I look this up about every couple weeks, so I’m posting it here for posterity. In order to nicely format Data::Dumper output…
I almost always set
$Data::Dumper::Indent = 1;
$Data::Dumper::Sortkeys = 1;
Data::Dumper. The first statement makes the output more compact and much more readable when your data structure is several levels deep. The second statement makes it easier to scan the output and quickly find the keys you are most interested in.
If the data structure contains binary data or embedded tabs/newlines, also consider
$Data::Dumper::Useqq = 1;
which will output a suitable readable representation for that data.
Much more in the perldoc.
x64_dbg is a very powerful open-source 32 and 64-bit assembler/debugger for Windows. The UI is reminiscent of OllyDbg with some additions that are clearly inspired by IDA Pro.
I’m looking forward to using this tool in place of OllyDbg, especially for 64-bit related RE tasks.
iSecPartners has released on GitHub a “cheat-sheet” for auditing high-value applications. It’s well worth a read.
This list is intended to be a list of additional or more technical things to look for when auditing extremely high value applications. The applications may involve operational security for involved actors (such as law enforcement research), extremely valuable transactions (such as a Stock Trading Application), societal issues that could open users to physical harassment (such as a Gay Dating Application), or technologies designed to be used by journalists operating inside repressive countries.
It is an advanced list – meaning entry level issues such as application logic bypasses, common web vulnerabilities such as XSS and SQLi, or lower level vulnerabilities such as memory corruption are explicitly not covered. It is assumed that the reader is aware of these and similar vulnerabilities and is well trained in their search, exploitation, and remediation.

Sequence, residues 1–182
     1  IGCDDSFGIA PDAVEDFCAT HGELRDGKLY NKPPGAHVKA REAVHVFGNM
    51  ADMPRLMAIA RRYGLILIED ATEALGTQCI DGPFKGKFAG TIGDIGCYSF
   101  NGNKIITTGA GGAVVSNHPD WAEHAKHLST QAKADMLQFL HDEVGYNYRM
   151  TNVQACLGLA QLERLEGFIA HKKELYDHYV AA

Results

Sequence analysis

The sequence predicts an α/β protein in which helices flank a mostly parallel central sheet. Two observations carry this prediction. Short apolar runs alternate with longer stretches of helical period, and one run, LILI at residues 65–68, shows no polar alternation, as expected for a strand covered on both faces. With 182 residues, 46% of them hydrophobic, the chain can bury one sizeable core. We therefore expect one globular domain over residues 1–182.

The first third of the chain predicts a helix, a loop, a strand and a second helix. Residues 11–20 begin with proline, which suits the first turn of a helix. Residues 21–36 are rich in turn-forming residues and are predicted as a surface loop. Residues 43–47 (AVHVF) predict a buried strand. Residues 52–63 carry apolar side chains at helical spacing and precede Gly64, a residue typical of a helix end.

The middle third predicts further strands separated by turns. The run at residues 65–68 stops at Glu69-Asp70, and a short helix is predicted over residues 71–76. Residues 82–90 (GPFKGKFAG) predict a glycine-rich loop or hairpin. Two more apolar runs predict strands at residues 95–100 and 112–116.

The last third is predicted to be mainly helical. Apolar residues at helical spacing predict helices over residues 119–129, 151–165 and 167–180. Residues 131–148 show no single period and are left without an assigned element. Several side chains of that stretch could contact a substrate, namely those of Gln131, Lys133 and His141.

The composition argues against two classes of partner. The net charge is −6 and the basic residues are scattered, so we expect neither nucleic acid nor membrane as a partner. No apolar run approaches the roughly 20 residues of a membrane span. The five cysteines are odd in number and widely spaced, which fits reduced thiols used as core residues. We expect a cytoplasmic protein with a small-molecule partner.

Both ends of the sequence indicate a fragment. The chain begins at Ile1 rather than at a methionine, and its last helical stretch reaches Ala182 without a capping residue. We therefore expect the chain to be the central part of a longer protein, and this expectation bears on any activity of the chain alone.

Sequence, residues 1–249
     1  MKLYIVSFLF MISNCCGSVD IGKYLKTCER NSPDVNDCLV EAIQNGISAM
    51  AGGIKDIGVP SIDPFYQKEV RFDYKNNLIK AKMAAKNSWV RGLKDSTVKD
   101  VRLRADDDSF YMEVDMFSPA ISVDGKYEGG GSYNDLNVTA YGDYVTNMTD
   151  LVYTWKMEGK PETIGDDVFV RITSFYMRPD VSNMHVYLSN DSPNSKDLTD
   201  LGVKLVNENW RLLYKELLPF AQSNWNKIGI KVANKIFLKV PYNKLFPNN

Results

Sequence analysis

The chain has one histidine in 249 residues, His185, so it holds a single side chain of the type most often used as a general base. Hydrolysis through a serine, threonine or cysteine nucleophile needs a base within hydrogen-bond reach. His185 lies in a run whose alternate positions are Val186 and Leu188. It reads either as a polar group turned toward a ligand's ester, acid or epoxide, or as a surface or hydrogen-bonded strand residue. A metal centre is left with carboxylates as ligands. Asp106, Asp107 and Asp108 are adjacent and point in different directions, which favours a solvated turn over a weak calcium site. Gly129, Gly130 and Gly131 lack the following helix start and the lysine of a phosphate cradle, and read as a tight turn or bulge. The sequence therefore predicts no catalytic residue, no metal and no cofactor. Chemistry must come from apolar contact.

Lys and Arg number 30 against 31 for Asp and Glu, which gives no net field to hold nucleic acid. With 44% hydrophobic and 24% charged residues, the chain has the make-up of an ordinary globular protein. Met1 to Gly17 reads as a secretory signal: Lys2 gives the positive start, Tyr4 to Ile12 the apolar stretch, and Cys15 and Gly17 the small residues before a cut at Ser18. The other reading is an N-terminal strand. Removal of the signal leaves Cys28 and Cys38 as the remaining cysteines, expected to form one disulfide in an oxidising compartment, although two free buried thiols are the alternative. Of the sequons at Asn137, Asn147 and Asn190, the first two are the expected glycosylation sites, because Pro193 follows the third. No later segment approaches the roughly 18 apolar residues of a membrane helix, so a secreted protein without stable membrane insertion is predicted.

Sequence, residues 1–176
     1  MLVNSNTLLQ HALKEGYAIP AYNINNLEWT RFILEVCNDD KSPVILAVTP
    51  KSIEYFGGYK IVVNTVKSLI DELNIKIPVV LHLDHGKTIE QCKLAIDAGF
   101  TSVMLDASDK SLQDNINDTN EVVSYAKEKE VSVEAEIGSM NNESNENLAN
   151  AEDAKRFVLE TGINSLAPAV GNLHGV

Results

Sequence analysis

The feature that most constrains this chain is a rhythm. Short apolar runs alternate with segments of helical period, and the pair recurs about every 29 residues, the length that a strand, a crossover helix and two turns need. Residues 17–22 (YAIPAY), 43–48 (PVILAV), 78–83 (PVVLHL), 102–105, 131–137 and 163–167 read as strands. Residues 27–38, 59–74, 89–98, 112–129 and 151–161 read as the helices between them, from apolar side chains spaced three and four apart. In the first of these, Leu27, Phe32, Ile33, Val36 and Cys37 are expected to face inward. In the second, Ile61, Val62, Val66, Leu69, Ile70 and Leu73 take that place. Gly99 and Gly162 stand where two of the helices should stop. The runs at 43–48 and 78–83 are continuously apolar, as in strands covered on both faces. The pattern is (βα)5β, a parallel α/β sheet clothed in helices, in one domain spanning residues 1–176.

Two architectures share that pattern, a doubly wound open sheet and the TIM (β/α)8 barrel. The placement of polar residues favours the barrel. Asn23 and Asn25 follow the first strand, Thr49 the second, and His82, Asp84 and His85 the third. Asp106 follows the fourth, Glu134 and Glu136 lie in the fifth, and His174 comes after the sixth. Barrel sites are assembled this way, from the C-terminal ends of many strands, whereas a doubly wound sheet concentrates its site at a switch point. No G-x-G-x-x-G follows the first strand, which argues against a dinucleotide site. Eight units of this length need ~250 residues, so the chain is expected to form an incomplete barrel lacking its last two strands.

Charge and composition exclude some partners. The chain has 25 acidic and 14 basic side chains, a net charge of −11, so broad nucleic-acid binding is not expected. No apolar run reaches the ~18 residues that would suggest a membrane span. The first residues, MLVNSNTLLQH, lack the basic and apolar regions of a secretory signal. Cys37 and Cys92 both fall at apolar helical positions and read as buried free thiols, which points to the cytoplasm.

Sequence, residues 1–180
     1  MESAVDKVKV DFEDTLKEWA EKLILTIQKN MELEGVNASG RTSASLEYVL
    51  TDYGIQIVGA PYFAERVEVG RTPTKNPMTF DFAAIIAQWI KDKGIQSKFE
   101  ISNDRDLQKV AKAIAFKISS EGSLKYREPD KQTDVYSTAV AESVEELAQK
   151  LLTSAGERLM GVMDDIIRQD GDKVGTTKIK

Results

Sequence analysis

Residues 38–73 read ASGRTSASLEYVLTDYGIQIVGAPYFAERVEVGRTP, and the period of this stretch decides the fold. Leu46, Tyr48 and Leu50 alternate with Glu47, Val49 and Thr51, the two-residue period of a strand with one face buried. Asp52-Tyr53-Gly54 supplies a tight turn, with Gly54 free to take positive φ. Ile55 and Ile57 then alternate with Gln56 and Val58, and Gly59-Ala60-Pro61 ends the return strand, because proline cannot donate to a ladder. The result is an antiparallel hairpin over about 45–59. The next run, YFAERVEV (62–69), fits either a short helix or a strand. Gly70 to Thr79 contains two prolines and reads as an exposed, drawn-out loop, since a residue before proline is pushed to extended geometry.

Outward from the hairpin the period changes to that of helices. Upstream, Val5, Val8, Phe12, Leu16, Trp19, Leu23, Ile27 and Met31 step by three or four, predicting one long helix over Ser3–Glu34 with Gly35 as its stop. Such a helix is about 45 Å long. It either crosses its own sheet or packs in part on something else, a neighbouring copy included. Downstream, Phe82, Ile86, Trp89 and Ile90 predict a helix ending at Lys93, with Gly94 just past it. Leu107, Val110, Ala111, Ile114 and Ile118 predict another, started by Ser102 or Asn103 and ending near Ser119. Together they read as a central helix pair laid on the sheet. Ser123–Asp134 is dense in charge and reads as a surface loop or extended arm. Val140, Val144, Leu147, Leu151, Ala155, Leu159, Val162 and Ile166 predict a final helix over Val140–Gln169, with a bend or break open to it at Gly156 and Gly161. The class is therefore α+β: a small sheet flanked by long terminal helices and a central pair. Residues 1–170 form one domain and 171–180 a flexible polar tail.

A good example of the type of analysis to strive for can be shown in Jacob Appelbaum’s analysis of UltraSurf:https://media.torproject.org/misc/2012-04-16-ultrasurf-analysis.pdf
From Trail of Bits, they are offering a free online CTF and penetration testing course. Lots of great material from a well respected organization.
Chromium engineers have provided excellent clarification on compatibility issues between Google Chrome v35+ and EMET 4.1
The specific issue we have encountered with Chromium compiled using VS 2013 relates to tail-call optimizations in wrapper functions for Windows APIs. By using jmp to enter the Windows API call from the wrapper, the Visual Studio compiler avoids an additional call/ret pair, and the API would return directly into the wrapper function’s caller rather than the wrapper function itself.
However, EMET protects various ‘critical’ Windows APIs against an exploit technique known as Return-Oriented Programming (ROP), and one of these protections is incompatible with tail-call optimization. EMET’s code checks that the return address from the API call is immediately preceded by a call to that API, since in ROP exploits this will typically not be the case but in normal function calls it will.
The tail-call optimization violates EMET’s assumption and causes a false positive result for exploit detection.
The Chrome security team does not generally recommend the use of EMET with Chromium because it has negative performance impact and adds little security benefit in most situations. The most effective anti-exploit techniques that EMET provides are already built into Chromium or superseded by stronger mitigations.
As of March 7, 2014, PsExec now encrypts all communication between systems, including any username/password info! This is great news.
PSExec v2.1: This update to PsExec, a command-line utility that enables you to execute programs on remote systems without preinstalling an agent, encrypts all communication between local and remote systems, including the transmission of command information such as the user name and password under which the remote program executes.
banned.h is an import header file to include in your Windows C++ projects to help avoid introducing security flaws into your application.
The banned.h header file is a sanitizing resource that is designed to help developers avoid using and help identify and remove banned functions from code that may lead to vulnerabilities. Banned functions are those calls in code that have been deemed dangerous by making it relatively easy to introduce vulnerabilities into code during development. For example, if a developer decided to use the strcpy function in his/her code, using banned.h in the same application will generate error(s) when its recompiled telling the developer that strcpy has been deprecated. When the developer investigates why the error is being generated, they will likely figure out that strcpy has been replaced with a more secure version called strcpy_s, that makes it more difficult to make mistakes that lead to simple buffer overflows.